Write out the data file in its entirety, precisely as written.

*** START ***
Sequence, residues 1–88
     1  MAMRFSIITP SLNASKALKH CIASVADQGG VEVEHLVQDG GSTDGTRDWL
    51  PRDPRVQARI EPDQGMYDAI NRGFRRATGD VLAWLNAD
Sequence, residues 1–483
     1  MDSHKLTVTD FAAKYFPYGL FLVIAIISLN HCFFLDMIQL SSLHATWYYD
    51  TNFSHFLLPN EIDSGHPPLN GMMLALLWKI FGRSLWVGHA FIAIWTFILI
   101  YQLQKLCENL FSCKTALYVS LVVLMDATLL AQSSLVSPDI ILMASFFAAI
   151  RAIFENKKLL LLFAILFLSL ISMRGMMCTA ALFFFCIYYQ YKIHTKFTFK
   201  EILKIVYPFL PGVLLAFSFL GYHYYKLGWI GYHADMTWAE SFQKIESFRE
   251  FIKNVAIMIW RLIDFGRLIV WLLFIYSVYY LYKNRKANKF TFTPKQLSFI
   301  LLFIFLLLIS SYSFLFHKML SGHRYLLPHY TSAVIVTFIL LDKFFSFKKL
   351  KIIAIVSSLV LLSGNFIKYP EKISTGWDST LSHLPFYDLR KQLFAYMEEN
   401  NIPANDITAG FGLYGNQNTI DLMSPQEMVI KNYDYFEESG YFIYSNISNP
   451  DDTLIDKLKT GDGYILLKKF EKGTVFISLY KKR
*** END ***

Sequence, residues 1–88
     1  MAMRFSIITP SLNASKALKH CIASVADQGG VEVEHLVQDG GSTDGTRDWL
    51  PRDPRVQARI EPDQGMYDAI NRGFRRATGD VLAWLNAD
Sequence, residues 1–483
     1  MDSHKLTVTD FAAKYFPYGL FLVIAIISLN HCFFLDMIQL SSLHATWYYD
    51  TNFSHFLLPN EIDSGHPPLN GMMLALLWKI FGRSLWVGHA FIAIWTFILI
   101  YQLQKLCENL FSCKTALYVS LVVLMDATLL AQSSLVSPDI ILMASFFAAI
   151  RAIFENKKLL LLFAILFLSL ISMRGMMCTA ALFFFCIYYQ YKIHTKFTFK
   201  EILKIVYPFL PGVLLAFSFL GYHYYKLGWI GYHADMTWAE SFQKIESFRE
   251  FIKNVAIMIW RLIDFGRLIV WLLFIYSVYY LYKNRKANKF TFTPKQLSFI
   301  LLFIFLLLIS SYSFLFHKML SGHRYLLPHY TSAVIVTFIL LDKFFSFKKL
   351  KIIAIVSSLV LLSGNFIKYP EKISTGWDST LSHLPFYDLR KQLFAYMEEN
   401  NIPANDITAG FGLYGNQNTI DLMSPQEMVI KNYDYFEESG YFIYSNISNP
   451  DDTLIDKLKT GDGYILLKKF EKGTVFISLY KKR